Dunning T. J., Trade’s Unions and Strikes: Their Philosophy and Intention. — London
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Re: Our dystopian present

Postby Head_on_a_Stick » 2018-12-01 11:39

ruffwoof wrote:My guess is that as the world becomes just one large village that a biological crisis will spread rapidly across the globe

Grey goo ftw! :mrgreen:

Whatever the final mechanism of extinction may be, the end does seem inevitable — the only rational solution to the Fermi Paradox is that all self-aware creatures extinguish themselves (or are extinguished) before they can attain a post-scarcity economic & social model.
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Re: Our dystopian present

Postby CwF » 2018-12-01 14:45

Every so often I polish up my operation deep freeze ashtray and it reminds me we are no closer to the end of times as we are to the beginning.

I'm always entertained by the notion of life as an OS, with all the opinions and perspectives contained within the 'localizations'....

Any end for 'our' way will not necessarily come from any damage we think we've done, but just as easily the 'solutions' we propose.
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Re: Our dystopian present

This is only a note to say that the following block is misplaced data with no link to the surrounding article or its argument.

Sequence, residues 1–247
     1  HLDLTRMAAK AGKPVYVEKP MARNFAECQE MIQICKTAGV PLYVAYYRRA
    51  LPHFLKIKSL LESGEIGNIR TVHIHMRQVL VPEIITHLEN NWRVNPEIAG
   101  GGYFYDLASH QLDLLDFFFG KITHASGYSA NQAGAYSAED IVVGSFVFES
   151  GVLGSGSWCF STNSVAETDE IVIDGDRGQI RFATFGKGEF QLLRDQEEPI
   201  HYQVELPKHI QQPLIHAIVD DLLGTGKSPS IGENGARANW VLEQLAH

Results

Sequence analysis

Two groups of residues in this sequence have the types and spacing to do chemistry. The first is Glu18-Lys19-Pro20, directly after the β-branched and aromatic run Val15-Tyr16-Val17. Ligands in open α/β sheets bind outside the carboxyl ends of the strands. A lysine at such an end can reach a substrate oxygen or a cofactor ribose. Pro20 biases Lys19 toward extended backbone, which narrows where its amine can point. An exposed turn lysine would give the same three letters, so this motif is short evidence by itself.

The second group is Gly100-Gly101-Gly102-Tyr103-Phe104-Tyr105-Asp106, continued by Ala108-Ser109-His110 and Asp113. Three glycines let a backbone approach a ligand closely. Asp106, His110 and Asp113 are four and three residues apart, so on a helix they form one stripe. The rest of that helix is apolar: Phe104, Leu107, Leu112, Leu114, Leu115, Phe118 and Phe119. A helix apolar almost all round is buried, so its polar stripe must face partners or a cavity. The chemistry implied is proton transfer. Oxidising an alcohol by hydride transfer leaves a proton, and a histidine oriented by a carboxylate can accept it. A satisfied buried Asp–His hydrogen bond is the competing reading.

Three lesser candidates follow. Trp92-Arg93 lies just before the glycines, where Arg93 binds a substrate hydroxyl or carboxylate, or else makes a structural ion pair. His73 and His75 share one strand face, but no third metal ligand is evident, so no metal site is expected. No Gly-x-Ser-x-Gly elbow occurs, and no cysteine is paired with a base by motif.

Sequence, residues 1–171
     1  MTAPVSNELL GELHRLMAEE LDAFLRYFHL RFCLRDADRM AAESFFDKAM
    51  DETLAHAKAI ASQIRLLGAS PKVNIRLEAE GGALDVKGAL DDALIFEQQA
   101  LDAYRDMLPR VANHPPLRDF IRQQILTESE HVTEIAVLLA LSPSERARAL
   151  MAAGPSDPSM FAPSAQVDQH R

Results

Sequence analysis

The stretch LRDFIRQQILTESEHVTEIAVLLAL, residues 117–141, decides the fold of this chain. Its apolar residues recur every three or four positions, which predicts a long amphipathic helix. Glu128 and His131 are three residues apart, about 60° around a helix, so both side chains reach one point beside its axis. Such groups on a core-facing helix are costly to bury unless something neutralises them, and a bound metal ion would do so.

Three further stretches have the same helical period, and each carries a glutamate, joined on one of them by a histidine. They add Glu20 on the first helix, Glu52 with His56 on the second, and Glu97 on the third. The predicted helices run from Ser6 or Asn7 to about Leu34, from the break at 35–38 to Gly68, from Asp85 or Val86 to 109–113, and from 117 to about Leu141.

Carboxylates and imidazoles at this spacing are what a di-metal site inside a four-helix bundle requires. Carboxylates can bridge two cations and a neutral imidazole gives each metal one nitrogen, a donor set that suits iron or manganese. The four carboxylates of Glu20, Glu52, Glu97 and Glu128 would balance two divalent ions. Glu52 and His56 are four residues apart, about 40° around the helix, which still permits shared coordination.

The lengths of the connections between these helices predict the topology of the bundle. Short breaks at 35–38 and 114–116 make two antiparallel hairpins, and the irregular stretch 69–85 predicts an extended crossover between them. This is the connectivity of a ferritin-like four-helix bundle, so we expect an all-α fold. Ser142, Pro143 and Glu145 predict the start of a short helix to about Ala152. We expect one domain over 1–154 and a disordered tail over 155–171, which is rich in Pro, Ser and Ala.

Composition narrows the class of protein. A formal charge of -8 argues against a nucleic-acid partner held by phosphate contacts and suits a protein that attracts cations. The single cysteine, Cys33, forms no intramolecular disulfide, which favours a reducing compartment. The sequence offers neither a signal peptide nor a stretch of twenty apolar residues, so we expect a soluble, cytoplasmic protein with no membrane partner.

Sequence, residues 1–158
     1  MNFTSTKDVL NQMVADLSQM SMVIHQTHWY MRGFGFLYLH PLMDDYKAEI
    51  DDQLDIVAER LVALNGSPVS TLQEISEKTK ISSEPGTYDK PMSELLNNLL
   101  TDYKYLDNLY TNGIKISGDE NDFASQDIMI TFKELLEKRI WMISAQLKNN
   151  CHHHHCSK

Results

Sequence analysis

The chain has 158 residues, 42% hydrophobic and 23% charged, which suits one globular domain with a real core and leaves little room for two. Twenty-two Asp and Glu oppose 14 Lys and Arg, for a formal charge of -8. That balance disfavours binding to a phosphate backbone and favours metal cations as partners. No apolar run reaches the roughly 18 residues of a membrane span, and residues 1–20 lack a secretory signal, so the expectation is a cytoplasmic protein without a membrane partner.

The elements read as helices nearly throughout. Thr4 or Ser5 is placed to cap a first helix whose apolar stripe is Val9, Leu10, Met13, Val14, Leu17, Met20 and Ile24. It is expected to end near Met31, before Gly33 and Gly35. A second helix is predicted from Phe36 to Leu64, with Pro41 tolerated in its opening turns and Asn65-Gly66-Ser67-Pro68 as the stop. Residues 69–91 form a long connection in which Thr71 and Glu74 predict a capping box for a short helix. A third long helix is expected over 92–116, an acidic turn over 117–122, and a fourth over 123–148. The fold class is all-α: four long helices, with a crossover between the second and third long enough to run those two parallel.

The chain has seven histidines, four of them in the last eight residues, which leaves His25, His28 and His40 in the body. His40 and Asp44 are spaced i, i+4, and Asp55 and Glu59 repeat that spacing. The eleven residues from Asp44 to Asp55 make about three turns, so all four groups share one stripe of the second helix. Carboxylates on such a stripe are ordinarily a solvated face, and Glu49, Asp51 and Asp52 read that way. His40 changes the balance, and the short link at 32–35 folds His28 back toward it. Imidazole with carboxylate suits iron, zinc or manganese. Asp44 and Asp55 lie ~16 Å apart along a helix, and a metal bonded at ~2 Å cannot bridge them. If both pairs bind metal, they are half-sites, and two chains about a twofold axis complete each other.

Postby stevepusser » 2018-12-01 19:10

And don't count on a coalition of extremely advanced aliens sending an AI with basically weakly godlike powers to perform an Intervention on us as part of saving Gaia (the AI was very close to exterminating Homo sap as part of that, but eventually decides to salvage us) as in the book, Rejoice, a Knife in the Heart.
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Re: Our dystopian present

Postby golinux » 2018-12-01 19:24

CwF wrote:Any end for 'our' way will not necessarily come from any damage we think we've done, but just as easily the 'solutions' we propose.

Unfortunately in our world the solutions ARE most often responsible for the damage. The only lasting solutions are not external but internal. Our actions are the only thing under our control. IOW the solutions are within not out there. We'd better choose wisely.